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Prosody a metrical foot of two syllables, the first long and the second short (– ⌣)
Collins Discovery Encyclopedia, 1st edition © HarperCollins Publishers 2005
The following article is from The Great Soviet Encyclopedia (1979). It might be outdated or ideologically biased.



(1) In metric versification, a foot three moras in length, consisting of one long and one short syllable (¯ ˅).

(2) In Russian syllabotonic versification, a two-syllable foot stressed on the first syllable. In trochaic verse the weak syllables are unstressed and the strong syllables may be either unstressed or stressed; the last syllable in a line must be stressed. Examples are Górnye vershíny (“Mountain peaks,” M. Iu. Lermontov; trochaic trimeter), Búria mglóiu nébo króet (“The storm covers the sky with mist,” A. S. Pushkin; trochaic tetrameter), Vykhozhúodín ia na dorógu (“I go out on the road alone,” Lermontov; trochaic pentameter), and Nét na svéte múk sil’née múki slóva (“There are no torments on earth more intense than the torment of the word,” S. Ia. Nadson; trochaic hexameter).

In Russian poetry of the 18th and 19th centuries the most common trochaic meter was the tetrameter. Beginning in the mid-19th century the trochaic pentameter became more widespread; other trochaic meters were rarely used.

The Great Soviet Encyclopedia, 3rd Edition (1970-1979). © 2010 The Gale Group, Inc. All rights reserved.
References in periodicals archive ?
"The Trochaic Tetrameter in Greek Tragedy." The American Journal of Philology, vol.
Assuming the stress patterns are correct, we will see that this dialect (which belongs to Eastern Arabic) differs from all other eastern dialects (which are trochaic) insofar as it lacks final consonant extrametricality.
In these opening five lines the mode is no sooner present than it is subject to disfigurement, at first of a relatively mild kind, with the trochaic inversion of the postponed trimeter that makes us stress "Down" hard, a vocal thrust quite unlike the pitter-pattering iambs of "Love." But the poem then heads off on a very different tack.
The mirrored trochaic and iambic feet initiate a tentativeness in the opening line which echoes both the reader's uncertainty about the characters' situation and the stress that the narrative reveals: this is not a poem about dated apparel; this is not a steady, predictable metre any more than the state of this couple's relationship is solid.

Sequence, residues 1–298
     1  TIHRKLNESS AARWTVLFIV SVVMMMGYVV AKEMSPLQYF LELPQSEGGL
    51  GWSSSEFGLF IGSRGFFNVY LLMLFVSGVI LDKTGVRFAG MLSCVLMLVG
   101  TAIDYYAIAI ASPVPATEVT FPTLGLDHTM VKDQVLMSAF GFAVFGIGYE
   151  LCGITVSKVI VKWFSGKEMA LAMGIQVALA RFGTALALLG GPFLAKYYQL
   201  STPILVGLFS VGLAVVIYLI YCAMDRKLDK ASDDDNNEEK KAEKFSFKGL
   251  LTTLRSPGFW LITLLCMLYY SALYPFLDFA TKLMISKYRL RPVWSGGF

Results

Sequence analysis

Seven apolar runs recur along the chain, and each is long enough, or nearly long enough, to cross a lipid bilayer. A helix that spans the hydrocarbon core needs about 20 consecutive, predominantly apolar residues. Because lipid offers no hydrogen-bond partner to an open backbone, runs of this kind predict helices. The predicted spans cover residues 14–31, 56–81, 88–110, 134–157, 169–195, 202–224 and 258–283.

In the first line, "I am" is indeed "far from normal," neither an iamb nor a trochee (like the other feet in the line); as I have noted, when the phrase is repeated two lines later the two "I am[s]" are still not iambic but trochaic. The final appearance of this phrase, in the final couplet of the poem, delivers a macabre punchline: "Then he put the gun to his head and shot / Crying absurdly, I am not." For the first time in the poem, here "I am" is divided across two iambic feet ("absurdly, I am not"), again giving the metrical lie to the facile self-identification of "I am" as iambic: "[iamb] not." The speaker tempts us with the possibility of this satisfying punning coincidence, but refuses to map the semantic onto the prosodic, to make the content obey its poetic container.
19, a charming four-voice setting in simple trochaic rhythms-may have originated in the late fourteenth century.
They are instructive in another way: 'horror' and 'anguish' are in these clauses equivalent not only because of syntactic and semantic considerations but also because they occupy a two-syllable slot with initial stress in what turns out to be a trochaic tetrameter.
The 16 papers explore such aspects of Slavic languages as the interplay of feature inheritance and information structure in Polish inverse copular sentences, a semantic analysis of Czech kind-denoting and group-denoting noun phrases, the rise of the indefinite article edin in Bulgarian, the syntax and semantics of directional axial expressions in Russian, trochaic lengthening in Neostokavian, the semantic compatibility of two Czech temporal adjuncts, and naturally-atomic singular noun-adjective construction kinds in Russian as lexically derived.
Yeats", using in "Quatrain by constrained quatrain" the same trochaic beat as Auden in the third section of his own poem.
If it is so, we have to study, whether in, for example, syllabic-accentual trochaic tetrameter (T4), a quantitative pattern characteristic, first of all to verse is formed, not being automatically derived from meter or prosodic structure of language.
Across stress systems, ITL is manifested such that trochaic feet are formed preferably from units (i.e., syllables or moras) of the same duration, whereas iambic feet are formed from units of different duration (Hayes 1995: 82), as follows: